Budget 2024: Student initiatives


10th October, the Irish Governments annual Budget was released. The Budget is their financial plan for how the country will manage money for the upcoming year. All initiatives relating to higher level education students have been listed below. For the full Budget 2024 please see their website here. 

Student Finance  

  • Students from families with an income of less than €100,000 will have college fees for undergraduate students halved to €1,500. Others will see college fees for full-time UG cut by €1,000. From September 2024 student contribution fees will be abolished for all incomes under €55,924 
  • Student grants will increase by €300 from January 2024; meaning the highest student grant will rise from €6,971 to €7,313. Postgraduate maintenance grants will be fully restored for the next academic year for the first time since the financial crash.  
  • SUSI grant increase on non-adjacent maintenance by €615. Adjacent rate to increase by 10%. 
  • The removal of Post Leaving Cert (PLC) fees from September 2024 
  • €60m will reportedly be allocated to “address sustainable funding” of higher education, as well as increasing capacity for medicine places.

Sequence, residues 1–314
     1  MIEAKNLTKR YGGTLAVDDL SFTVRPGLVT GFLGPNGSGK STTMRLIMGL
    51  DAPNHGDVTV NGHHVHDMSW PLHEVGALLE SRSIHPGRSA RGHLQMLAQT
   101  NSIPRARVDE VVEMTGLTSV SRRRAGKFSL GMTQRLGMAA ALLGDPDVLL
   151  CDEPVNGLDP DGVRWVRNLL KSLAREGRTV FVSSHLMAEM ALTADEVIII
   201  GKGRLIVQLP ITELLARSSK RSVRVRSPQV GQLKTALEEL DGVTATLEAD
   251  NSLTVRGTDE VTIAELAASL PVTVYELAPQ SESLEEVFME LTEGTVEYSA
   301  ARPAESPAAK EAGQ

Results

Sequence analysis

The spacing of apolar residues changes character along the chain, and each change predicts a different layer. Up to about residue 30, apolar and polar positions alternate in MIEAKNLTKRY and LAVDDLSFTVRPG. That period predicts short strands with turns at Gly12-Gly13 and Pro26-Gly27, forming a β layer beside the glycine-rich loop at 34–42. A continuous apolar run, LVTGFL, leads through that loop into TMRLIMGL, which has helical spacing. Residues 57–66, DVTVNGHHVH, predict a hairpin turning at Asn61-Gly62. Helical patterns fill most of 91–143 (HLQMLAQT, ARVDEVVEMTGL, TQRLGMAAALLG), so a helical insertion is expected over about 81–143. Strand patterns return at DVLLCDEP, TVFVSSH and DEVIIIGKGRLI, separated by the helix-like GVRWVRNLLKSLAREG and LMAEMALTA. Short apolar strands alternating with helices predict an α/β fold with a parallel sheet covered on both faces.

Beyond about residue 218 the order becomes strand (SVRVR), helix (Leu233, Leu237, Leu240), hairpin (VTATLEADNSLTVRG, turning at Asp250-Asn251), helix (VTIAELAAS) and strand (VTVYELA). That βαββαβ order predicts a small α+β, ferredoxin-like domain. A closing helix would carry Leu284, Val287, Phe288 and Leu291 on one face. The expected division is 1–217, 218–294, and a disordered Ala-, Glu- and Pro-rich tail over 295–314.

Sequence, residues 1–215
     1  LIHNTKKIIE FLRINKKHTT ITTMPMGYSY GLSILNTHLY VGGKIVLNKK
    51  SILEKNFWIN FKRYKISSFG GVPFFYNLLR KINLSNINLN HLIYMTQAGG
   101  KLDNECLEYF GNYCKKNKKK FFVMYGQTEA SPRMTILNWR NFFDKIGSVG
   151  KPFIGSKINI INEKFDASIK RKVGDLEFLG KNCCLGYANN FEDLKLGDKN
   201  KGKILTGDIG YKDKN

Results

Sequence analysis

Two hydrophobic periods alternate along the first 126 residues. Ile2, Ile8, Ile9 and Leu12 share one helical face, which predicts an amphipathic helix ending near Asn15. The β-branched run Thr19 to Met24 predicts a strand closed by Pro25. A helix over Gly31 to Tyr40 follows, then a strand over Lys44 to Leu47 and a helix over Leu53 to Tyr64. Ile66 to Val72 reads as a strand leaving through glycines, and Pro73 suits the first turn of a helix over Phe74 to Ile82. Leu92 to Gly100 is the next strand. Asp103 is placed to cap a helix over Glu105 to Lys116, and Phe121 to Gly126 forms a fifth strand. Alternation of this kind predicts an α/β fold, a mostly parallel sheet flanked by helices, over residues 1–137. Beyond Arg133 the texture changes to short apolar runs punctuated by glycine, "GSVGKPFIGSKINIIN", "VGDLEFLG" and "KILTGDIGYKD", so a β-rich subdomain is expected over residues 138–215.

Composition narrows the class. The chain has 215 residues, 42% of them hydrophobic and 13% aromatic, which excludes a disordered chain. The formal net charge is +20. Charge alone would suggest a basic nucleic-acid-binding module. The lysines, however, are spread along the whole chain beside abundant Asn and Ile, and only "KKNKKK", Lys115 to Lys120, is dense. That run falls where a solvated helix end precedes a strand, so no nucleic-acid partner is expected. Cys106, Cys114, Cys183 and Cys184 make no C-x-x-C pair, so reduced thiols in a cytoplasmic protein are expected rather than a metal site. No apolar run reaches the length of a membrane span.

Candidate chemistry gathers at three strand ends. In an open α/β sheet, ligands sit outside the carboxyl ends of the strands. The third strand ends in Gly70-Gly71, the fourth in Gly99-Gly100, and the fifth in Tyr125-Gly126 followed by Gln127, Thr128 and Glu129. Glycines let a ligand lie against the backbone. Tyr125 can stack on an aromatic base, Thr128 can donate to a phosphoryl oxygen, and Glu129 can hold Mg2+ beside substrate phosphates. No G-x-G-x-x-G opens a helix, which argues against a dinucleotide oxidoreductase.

• An additional €8.1m will go to the Student Assistance Fund, bringing the total to over €17m. 
  • Nothing has been said yet in relation to increasing IRC/SFI stipends for PhD researchers. Minister Harris has indicated that there may be information to come on this at a Budget Briefing on Thursday 10th October.   



  • The rent tax credit will be increased from €500 to €750. Reports suggest that parents who pay for their child’s tenancy will also be allowed to claim the credit. Landlords will benefit from a tax break worth between €600 to €1,000. It will go up every year that they stay in the market to 2027. The full year cost of income relief for landlords €160m, while the cost of the expanded rent credit is €88m.  
  • Parents who pay for their children’s rental accommodation or “digs” are now eligible to claim the rent tax credit. This change will also apply retrospectively to the years 2022 and 2023. 
  • No change to the “Rent a Room” Relief Scheme Criteria and no sign of “digs” regulation to protect vulnerable students.  
  • Nothing has been said in relation to the provision of on-campus or affordable, purpose built student accommodation.  


Student cost of living  

  • Minimum Wage increased to €12.70 per hour (up by €1.40). 
  • No clarity on whether the Government will abolish sub-minimum wage rates for workers aged 17,18 and 19.  
  • 50% public transport fare cut for young people will be extended to 25-year-olds.  


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